NEW YORK — Encouraging reports on hiring and growth in the service sector sent small companies and banks higher Wednesday and knocked bond prices into a tailspin. The yield on the benchmark 10-year Treasury note spiked to its highest level in more than seven years.

Both reports were stronger than analysts expected and suggest the economy is in good shape in spite of rising interest rates and the ongoing U.S.-China trade dispute.

“This is evidence of strong economic growth and the likelihood earnings will continue to be good,” said Ameriprise Chief Market Strategist David Joy. While some experts think the economy will slow somewhat in the third and fourth quarter, Joy’s view is that “we’re not going to get much of a slowdown.”

The S&P 500 index added 2.08 points, or 0.1 percent, to 2,925.51. The Dow Jones Industrial Average gained 54.45 points, or 0.2 percent, to 26,828.39, another all-time high. It was up as much as 177 points earlier. The Nasdaq composite picked up 25.54 points, or 0.3 percent, to 8,025.09.

The Russell 2000 index of small-company stocks climbed 15.25 points, or 0.9 percent, to 1,671.29. Those companies, which tend to be more focused on the U.S. market than large multinationals, stand to benefit more from strong economic growth at home.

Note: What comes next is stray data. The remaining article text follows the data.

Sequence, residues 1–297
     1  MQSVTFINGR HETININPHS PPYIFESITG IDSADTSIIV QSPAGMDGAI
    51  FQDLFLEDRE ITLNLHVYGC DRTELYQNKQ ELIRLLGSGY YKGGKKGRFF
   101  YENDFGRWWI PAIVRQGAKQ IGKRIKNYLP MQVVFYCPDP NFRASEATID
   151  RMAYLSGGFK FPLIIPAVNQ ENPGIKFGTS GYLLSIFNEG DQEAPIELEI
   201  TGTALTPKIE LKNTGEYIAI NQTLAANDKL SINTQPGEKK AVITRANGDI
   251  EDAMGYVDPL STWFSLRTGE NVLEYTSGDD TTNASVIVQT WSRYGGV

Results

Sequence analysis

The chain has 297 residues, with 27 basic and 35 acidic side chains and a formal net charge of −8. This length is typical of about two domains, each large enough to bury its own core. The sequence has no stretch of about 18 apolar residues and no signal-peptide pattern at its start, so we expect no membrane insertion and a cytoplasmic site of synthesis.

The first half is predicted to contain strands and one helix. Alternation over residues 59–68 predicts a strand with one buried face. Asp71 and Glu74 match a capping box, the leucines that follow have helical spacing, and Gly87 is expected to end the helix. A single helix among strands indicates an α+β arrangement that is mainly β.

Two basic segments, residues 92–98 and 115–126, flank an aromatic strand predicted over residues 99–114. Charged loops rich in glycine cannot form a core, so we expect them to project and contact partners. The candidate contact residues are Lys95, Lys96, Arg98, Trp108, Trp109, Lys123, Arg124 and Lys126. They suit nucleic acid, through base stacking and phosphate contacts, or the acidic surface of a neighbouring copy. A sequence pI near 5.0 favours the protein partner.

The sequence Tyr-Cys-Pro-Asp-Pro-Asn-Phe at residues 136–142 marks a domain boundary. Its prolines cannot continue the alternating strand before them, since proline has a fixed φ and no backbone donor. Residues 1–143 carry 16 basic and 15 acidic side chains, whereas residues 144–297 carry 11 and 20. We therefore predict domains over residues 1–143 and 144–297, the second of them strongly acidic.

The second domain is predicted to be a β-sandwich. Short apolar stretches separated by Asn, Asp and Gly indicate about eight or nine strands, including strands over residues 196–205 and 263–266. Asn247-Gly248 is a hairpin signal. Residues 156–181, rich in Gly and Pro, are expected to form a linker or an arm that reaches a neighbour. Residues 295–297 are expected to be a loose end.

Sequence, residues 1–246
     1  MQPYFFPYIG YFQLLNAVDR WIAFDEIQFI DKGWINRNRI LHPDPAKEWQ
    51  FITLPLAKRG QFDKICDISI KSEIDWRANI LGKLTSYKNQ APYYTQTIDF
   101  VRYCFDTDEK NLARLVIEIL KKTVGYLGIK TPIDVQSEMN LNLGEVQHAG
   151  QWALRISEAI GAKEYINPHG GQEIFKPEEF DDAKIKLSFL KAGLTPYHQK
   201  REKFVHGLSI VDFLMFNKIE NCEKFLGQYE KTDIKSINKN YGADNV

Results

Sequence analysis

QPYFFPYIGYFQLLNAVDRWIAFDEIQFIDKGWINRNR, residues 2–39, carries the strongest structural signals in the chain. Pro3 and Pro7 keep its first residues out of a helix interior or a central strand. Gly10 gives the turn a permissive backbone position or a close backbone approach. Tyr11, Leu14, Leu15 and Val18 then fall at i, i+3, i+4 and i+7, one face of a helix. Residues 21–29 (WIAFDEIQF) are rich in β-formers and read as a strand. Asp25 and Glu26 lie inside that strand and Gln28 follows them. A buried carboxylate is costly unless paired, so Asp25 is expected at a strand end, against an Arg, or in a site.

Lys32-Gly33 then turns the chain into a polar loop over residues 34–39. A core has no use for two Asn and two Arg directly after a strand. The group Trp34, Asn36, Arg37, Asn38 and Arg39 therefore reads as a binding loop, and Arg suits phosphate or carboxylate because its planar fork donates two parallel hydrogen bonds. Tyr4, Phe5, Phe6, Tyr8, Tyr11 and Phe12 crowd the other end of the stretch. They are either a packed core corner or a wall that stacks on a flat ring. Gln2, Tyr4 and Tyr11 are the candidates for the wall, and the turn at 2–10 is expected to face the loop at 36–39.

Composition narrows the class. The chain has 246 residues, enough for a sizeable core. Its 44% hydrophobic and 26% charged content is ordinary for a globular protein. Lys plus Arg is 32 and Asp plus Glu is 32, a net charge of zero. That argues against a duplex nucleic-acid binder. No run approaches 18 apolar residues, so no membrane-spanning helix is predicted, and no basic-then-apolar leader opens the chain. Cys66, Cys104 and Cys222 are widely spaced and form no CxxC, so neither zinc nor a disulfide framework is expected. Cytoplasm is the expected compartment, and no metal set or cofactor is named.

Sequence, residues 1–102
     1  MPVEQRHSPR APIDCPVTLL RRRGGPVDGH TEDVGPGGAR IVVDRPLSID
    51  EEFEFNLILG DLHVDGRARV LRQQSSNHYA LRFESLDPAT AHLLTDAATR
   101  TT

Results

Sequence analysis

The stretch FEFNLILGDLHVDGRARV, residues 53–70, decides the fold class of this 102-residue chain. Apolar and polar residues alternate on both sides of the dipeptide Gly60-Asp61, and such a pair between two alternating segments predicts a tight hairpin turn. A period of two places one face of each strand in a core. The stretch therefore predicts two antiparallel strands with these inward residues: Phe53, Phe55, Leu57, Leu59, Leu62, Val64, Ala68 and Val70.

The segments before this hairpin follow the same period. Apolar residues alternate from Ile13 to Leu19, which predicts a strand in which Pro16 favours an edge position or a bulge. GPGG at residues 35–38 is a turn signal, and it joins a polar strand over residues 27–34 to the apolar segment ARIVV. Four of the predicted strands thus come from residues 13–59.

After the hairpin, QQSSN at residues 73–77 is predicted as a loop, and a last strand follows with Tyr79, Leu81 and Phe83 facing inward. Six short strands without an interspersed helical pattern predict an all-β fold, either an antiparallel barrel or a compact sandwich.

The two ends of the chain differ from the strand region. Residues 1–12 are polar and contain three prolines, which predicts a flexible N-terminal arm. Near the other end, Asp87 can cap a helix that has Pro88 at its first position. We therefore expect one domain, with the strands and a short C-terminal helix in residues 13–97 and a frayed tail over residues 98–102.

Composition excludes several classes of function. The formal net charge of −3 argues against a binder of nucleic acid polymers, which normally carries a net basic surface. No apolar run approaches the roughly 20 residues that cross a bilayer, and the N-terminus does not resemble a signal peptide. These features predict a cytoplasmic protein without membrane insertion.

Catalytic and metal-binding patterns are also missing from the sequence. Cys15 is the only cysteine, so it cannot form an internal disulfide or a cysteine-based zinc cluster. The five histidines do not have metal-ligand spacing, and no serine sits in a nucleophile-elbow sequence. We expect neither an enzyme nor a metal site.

The survey on private company hiring by ADP raised expectations for the government’s broader jobs report due out Friday, which tends to have an even bigger effect on markets. The Institute for Supply Management, the trade group, said its index measuring the service sector reached the highest level in a decade.

The solid reports helped companies that do better when businesses and consumers spend more money, like technology and industrial stocks. Apple rose 1.2 percent to $232.07 and Caterpillar rose 2.2 percent to $158.22.

Investors were willing to bet on continued economic growth, and that meant bond prices dropped sharply, sending yields soaring. The yield on the 10-year Treasury note rose to 3.18 percent, its highest since July 2011 and up from 3.05 percent a day earlier.

That helped banks, which are able to charge higher interest rates on long-term loans when bond yields rise. Comerica rose 2.6 percent to $92.09 and Bank of America added 1.4 percent to $30.